When you were born I was eating a plate of eggs

in a café called the Cupboard, five blocks

from the room where your mother and I conceived you,

admittedly an accident of desire, in the middle of the night,

wakened out of sleep, letting our bodies’ clockwork

lead us down a path we could not turn from, to you.

My life has been one surprise after another,

you being the one that keeps coming back,

a girl, for God’s sake, and now a young woman.

That day, before the earth’s harsh oxygen woke you

unto us, your mother cast me out of the labor room,

tired of my jokes, irritated that she had to do this

on her own while I stood there useless. I had never

heard her use the word jackass before. A few years

later they would come up with ways to keep men busy,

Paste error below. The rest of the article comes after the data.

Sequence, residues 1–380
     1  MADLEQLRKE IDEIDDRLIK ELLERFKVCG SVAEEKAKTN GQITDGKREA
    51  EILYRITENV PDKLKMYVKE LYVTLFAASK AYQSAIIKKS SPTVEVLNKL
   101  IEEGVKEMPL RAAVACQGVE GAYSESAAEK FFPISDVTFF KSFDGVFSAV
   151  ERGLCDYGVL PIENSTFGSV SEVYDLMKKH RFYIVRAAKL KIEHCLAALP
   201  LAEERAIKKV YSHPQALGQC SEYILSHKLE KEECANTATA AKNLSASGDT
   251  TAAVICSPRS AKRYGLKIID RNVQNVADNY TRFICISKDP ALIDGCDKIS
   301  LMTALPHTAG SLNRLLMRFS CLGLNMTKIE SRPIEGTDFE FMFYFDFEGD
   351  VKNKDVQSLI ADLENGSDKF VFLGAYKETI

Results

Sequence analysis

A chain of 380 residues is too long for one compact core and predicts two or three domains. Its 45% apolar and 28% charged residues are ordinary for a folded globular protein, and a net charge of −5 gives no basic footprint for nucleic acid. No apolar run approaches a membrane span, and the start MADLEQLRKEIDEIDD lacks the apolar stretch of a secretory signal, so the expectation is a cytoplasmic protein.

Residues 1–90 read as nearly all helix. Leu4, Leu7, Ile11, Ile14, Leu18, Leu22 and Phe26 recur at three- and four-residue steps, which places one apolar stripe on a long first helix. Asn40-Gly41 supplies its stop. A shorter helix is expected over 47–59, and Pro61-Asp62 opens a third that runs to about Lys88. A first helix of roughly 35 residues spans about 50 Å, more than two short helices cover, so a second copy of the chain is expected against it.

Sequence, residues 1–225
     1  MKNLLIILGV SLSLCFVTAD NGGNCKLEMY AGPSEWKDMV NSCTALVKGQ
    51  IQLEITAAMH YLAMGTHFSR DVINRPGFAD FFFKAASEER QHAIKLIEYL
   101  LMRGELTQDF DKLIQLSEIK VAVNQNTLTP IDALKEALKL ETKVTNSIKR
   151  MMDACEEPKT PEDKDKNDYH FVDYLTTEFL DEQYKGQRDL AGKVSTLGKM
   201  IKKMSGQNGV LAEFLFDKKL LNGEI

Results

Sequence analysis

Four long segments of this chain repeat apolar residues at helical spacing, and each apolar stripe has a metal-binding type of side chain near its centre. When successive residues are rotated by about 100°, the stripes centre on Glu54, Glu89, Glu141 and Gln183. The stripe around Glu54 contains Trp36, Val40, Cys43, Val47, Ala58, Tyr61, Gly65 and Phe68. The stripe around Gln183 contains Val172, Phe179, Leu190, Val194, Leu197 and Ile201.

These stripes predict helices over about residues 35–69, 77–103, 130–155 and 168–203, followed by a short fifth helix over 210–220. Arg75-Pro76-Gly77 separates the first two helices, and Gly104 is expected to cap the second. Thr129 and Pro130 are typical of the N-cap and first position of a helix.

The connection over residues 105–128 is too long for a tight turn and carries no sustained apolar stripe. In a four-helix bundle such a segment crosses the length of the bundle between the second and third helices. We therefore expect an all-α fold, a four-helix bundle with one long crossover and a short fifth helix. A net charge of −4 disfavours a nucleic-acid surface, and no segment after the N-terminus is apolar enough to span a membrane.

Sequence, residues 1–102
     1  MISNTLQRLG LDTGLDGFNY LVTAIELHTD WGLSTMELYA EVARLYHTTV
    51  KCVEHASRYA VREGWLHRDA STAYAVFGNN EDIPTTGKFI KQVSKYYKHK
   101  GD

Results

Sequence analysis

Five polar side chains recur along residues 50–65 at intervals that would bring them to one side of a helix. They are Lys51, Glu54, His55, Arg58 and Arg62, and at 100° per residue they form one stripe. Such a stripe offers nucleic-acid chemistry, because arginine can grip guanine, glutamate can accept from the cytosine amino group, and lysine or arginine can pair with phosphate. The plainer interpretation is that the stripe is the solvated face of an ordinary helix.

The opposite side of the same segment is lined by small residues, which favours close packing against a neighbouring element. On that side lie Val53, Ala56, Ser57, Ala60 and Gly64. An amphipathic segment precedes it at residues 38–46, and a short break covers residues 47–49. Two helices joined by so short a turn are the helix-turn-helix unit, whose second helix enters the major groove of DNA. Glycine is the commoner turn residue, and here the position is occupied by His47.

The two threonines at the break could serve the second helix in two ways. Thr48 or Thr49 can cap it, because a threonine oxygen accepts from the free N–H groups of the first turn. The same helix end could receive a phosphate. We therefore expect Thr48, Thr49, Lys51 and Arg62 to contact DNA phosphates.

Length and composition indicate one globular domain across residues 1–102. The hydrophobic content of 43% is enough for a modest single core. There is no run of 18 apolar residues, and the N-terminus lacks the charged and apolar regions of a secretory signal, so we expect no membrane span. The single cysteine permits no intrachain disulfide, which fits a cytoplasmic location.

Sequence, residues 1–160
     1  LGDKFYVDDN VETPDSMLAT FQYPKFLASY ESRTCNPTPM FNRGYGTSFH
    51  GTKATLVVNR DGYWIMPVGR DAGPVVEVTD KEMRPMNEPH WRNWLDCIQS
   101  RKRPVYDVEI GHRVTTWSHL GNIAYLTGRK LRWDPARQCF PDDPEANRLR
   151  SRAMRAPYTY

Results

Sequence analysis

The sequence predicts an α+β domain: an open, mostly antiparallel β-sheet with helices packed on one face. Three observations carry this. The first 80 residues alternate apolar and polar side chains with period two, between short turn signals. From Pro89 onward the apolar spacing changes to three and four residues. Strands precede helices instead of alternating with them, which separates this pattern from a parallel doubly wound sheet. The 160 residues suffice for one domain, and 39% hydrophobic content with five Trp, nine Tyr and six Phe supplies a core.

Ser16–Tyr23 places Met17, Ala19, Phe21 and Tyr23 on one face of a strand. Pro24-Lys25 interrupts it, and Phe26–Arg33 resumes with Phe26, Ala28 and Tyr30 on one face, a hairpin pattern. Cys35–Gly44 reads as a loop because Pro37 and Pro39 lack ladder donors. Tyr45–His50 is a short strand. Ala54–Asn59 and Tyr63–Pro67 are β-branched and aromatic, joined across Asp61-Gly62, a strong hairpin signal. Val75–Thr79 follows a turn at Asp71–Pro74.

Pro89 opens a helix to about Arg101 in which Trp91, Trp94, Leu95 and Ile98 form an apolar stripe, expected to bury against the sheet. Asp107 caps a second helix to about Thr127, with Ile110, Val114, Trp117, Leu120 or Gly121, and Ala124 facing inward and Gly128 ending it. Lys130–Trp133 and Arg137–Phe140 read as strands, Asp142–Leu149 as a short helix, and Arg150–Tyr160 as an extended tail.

to make us feel as if we have some part in the intimacy

called birth. But we may as well be eating eggs

for the little we have to do with you daughters being born.

I didn’t carry you within me, didn’t push you

through the channel in the pit of my being,

the hose of life connecting us. Even had I become

your father a few years later when they were teaching men

Lamaze, had wiped your mother’s brow and breathed

with her her every breath like bellows on a fire,

had watched you turn a flamey pink and heard your first cry

from the canyons of this world, I would still have to envy

the woman who bore you.

Today you come to me

in your thirty-fourth year, lost and frightened, as anyone

would be in this inhospitable world to which we brought you,

and what can I do but sit you down with your hangover

and cook you breakfast? As long as we both live

we carry between us this staidness, this hum-drum,

until appears the rare moment when we look between us

to see how thin the string is and how delicately

we must hold our connection. I try to look steady and speak

a few words that sound like wisdom while you look

at me blankly and continue eating your eggs.

(first appearance in Rattle)

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